For some business owners, the thought of moving into a new space is extraordinarily exciting, and for others, it may seem like an undertaking on par with climbing Mt. Everest. For the majority of business owners, an office move will evoke a combination of both these feelings. Make no mistake, there are plenty of things your broker will need to be thinking about during this process, but fortunately, the list of things that you must consider before you get started is relatively short. Here is a look at the six very important considerations to make when you’re selecting new office space.
1. How Will My New Space Improve My Company Culture?
You may be surprised that this first consideration has nothing to do with cost. That’s because studies have conclusively proven that the happier your employees are, the more productive your business will become. This is a big consideration when selecting new office space.
What if spending a few extra bucks per square foot could increase your productivity by 2 percent? Or, what if springing for a nicer office would enable you to attract the top talent in your industry? Isn’t the cost per square foot less important than cultivating a sustainable culture of high productivity?
To illustrate, consider that you are trying to woo a stellar job candidate who is also being recruited by a competing company. Your company has offered a salary of $105K. You have an office in the suburbs, where employees each have a cubicle. In contrast, your competition is located in an urban setting near restaurants, shopping, and transportation. Their office is far livelier, and exponentially more convenient for young professionals who prefer to live downtown. They offer that same recruit $100K. The overwhelming majority of the time, that recruit will accept your competition’s offer. To avoid this scenario, prioritize the impact that your space will have on your team, rather than splitting hairs over a few dollars. Consider how selecting new office space will impact your workplace culture.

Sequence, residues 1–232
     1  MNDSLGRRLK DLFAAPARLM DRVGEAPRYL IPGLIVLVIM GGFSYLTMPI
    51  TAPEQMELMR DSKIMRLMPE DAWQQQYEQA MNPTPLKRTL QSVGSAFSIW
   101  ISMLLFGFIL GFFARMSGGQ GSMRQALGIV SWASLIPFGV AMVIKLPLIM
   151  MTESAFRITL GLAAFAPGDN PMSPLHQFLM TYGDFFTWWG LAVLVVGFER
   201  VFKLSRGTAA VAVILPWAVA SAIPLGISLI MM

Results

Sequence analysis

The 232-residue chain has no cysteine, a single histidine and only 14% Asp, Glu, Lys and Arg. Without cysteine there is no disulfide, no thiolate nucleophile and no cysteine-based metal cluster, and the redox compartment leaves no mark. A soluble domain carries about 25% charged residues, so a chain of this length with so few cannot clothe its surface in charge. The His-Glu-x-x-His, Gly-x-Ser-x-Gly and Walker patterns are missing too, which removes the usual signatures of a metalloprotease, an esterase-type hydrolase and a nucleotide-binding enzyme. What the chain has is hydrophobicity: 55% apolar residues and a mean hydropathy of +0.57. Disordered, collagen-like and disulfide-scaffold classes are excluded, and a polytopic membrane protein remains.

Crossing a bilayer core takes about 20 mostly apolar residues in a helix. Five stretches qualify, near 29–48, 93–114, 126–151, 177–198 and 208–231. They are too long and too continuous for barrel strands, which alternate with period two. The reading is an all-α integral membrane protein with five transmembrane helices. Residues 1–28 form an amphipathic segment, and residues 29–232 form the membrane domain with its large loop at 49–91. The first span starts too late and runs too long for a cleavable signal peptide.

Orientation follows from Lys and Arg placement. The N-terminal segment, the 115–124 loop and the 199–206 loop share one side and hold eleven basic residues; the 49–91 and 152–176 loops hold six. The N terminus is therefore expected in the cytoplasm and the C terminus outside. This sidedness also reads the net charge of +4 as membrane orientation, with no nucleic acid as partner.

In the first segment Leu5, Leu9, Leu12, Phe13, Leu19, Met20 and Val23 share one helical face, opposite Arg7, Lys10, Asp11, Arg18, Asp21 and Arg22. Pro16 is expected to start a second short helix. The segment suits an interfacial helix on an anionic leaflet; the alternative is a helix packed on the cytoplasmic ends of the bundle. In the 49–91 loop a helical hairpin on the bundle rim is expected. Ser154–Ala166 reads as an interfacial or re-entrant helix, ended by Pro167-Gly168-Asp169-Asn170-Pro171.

2. Is My Broker Acting as a Dual Representative?
Unfortunately, in far too many transactions, brokers act as dual representatives. That means they may be working on your behalf as a future tenant, while simultaneously working for your future landlord. It is absolutely impossible for a broker to represent your best interests while, at the same time, trying to get the best deal possible for the property owner. Imagine for example, that you’re being sued. You certainly wouldn’t want your defense attorney to also be the prosecuting attorney.
It is unfortunate that, to date, there are no laws that require brokers to disclose if they are working as dual representatives. To ensure that you do not wind up with a broker who has a huge conflict of interest when you are selecting new office space, seek out a brokerage that exclusively represents tenants and not landlords.
3. Where Do I Want My Company to be in 5 Years? 10 years?
Before you move your company, you’ll want to consider the future growth of your business. This is crucial in determining an appropriate location for your business as you embark on selecting new office space. For example, if you have plans to increase your work force substantially, you’ll want to make sure that you don’t move your business to a location where you risk exhausting the qualified work force. Likewise, you’ll want to consider commute times for employees. Just because you have a home in the suburbs, doesn’t mean that moving your office there makes sense (particularly if your employees all live in the city). It’s worth repeating that a happy team of employees is a productive team, and making their lives easier with shorter commutes will go a long way.